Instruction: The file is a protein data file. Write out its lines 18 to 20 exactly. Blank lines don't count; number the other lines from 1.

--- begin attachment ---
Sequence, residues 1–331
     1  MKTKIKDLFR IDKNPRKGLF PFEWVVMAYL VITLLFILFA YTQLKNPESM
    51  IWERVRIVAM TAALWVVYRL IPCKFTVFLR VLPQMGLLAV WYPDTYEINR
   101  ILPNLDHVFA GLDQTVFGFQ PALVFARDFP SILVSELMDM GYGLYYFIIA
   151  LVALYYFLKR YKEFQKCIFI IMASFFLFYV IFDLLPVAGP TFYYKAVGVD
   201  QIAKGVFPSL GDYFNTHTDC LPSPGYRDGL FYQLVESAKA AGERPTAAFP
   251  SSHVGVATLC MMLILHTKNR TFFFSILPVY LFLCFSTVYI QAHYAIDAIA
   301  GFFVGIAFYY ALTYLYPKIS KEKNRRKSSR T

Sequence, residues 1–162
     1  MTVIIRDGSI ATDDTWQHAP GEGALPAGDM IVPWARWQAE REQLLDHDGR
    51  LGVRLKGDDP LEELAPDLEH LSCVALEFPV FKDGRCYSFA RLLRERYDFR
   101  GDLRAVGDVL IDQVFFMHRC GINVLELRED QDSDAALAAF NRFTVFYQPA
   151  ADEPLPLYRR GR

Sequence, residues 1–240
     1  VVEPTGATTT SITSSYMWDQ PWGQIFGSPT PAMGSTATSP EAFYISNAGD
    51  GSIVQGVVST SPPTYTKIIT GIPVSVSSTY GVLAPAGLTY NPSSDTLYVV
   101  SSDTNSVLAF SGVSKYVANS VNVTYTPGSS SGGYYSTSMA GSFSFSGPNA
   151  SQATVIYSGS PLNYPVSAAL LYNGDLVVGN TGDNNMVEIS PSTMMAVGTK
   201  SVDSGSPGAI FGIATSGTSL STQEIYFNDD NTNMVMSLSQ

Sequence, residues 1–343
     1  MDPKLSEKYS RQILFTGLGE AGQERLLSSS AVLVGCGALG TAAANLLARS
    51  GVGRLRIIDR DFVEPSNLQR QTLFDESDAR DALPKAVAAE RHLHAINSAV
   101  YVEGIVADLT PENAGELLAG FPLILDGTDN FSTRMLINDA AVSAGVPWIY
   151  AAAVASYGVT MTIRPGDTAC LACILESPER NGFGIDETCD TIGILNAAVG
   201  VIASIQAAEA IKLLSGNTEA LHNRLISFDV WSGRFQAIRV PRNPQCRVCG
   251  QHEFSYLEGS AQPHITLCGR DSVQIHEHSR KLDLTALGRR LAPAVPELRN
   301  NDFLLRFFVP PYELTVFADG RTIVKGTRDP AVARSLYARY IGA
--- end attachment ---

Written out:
   151  SQATVIYSGS PLNYPVSAAL LYNGDLVVGN TGDNNMVEIS PSTMMAVGTK
   201  SVDSGSPGAI FGIATSGTSL STQEIYFNDD NTNMVMSLSQ

Sequence, residues 1–343